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The incidence and clinical impact of bone metastases in non-small cell lung cancer.
J Clin Oncol 31, 2013 (suppl; abstr e19024)
Abstracts that were granted an exception in accordance with ASCO's Conflict of Interest Policy are designated with a caret symbol (^).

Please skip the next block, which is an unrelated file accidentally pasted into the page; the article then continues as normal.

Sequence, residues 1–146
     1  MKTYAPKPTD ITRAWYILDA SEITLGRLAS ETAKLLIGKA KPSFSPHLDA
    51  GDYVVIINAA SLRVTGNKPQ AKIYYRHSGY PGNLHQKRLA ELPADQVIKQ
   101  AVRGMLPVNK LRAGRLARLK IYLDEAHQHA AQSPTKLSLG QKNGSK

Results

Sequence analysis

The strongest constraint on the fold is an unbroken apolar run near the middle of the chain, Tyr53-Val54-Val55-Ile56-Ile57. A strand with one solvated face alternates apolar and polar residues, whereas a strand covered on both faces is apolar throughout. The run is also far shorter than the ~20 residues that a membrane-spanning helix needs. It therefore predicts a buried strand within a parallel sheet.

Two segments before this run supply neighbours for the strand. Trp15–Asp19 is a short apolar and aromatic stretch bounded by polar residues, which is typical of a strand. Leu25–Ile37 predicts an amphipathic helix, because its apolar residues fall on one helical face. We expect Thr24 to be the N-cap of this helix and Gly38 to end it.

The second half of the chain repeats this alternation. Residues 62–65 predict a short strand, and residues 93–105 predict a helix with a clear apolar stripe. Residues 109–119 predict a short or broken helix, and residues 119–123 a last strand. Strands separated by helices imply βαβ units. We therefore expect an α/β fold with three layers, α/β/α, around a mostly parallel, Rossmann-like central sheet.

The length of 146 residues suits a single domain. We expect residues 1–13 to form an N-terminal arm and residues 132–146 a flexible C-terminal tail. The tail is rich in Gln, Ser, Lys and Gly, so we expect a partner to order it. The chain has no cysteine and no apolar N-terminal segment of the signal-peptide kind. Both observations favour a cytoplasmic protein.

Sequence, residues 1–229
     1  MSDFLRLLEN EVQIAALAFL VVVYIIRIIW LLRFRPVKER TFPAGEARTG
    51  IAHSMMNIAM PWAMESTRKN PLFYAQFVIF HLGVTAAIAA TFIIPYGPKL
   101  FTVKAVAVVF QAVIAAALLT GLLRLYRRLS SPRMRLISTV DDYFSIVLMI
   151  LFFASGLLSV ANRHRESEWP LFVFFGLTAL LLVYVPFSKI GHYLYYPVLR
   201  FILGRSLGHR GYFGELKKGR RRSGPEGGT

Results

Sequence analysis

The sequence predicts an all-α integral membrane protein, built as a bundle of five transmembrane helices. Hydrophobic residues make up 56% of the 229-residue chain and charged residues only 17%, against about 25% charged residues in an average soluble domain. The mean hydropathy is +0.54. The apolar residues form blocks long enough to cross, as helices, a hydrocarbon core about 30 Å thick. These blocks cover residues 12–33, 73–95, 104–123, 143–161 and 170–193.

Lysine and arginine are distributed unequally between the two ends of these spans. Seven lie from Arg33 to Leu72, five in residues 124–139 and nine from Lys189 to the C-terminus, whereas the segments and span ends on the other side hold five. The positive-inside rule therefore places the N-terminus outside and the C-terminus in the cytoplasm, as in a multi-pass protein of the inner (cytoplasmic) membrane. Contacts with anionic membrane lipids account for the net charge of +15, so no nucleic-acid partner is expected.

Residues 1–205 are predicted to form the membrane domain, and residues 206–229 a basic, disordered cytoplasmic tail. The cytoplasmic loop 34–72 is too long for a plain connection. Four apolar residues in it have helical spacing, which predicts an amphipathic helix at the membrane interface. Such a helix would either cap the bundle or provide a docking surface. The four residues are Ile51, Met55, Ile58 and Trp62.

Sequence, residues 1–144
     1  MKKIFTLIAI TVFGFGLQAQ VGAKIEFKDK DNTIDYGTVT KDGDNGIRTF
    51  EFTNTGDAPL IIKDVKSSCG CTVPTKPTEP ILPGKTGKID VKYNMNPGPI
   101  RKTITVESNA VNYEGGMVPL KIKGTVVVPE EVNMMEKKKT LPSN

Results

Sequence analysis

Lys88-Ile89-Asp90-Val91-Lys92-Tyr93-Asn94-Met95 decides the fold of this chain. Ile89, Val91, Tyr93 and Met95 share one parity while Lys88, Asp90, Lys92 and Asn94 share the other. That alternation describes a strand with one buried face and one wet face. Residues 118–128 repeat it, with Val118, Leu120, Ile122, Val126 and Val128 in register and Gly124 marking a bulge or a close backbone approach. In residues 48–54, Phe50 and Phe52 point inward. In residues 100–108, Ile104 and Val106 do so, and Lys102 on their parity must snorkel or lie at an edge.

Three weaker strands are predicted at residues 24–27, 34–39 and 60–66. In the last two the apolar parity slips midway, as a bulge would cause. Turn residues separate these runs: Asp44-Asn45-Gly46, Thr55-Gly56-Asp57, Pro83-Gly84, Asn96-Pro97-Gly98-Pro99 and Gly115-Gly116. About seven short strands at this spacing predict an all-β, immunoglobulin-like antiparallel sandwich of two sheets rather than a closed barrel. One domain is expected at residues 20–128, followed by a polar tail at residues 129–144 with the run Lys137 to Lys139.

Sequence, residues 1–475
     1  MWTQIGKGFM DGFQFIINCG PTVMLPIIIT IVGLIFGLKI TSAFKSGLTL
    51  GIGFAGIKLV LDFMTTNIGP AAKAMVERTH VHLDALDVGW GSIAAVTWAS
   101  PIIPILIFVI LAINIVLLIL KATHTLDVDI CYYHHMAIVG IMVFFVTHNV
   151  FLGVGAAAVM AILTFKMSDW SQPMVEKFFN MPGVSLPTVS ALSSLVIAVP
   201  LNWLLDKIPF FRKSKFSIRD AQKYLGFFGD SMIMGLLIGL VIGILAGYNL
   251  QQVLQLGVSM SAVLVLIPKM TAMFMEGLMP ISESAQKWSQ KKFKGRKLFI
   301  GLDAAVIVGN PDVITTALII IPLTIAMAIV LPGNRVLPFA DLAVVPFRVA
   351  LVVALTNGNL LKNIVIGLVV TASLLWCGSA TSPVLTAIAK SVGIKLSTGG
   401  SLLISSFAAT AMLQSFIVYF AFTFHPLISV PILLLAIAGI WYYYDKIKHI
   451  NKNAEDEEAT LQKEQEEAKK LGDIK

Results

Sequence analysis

Background: Non-small cell lung cancer (NSCLC) is the leading global cause of cancer death. Bone metastases (BM) in NSCLC are a common cause of morbidity, but use of bone targeted agents (BTA) is variable. We investigated the incidence and impact of BM in an unselected NSCLC population. Methods: With ethics approval, we performed a retrospective chart review of all patients (pts) with NSCLC seen at our institution in 2007. Baseline demographics, stage and initial treatment goals were recorded. In pts with advanced disease (mNSCLC) metastatic sites were identified. In BM pts, skeletal related events (SRE), interventions and outcomes were recorded. Results: In total, 374 pts were identified. Median age was 68 years (IQR 60-76), 54% female. Histological subtypes were adenocarcinoma (36%), squamous (18%), and other (46%). Overall 91% were current or ex-smokers. At initial diagnosis 37% had stage I-IIIa, 18% IIIb and 46% stage IV disease. A total of 160 pts (43%) were treated with curative intent; 211 (56%) were considered palliative. Of the 160 curative therapy pts, 90 (56%) subsequently relapsed, with a median time from diagnosis to relapse of 14.9 months. Of the 301 pts with mNSCLC, common sites of metastasis were lung/pleura (80%), mediastinal lymph nodes (69%), bone (39%), brain (30%), and liver (24%). In total 116 pts had BM; a higher incidence was observed in pts ≤70 years than pts >70 (36% vs 23%). SREs were observed in 69 pts (59%), the median number of SREs per BM pt was 1 (0-16). The incidence of SREs was radiotherapy (63%), fractures (22%), spinal cord compression (6%) and surgery to bone (5%). Factors associated with ≥2 SREs were smoking status (28% never smokers vs 9% ex/current smoker) and younger age (15% vs 5%). In BM pts, 64% required opioid analgesia, only 6% received BTA. Overall survival (OS) in pts with mNSCLC was 7.3 months (IQR 3.1-20.5). Pts with BM had significantly shorter OS compared to those without BM (5.5 vs. 9.9 months, p=0.02). Median OS in pts with or without SRE were 5.5 and 6.4 months (p=0.58). Conclusions: BM in NSCLC pts are common, and most pts will develop an SRE and/or require opioids. In mNSCLC, the presence of BM is associated with significantly shorter survival, which raises challenging questions around the use of BTA.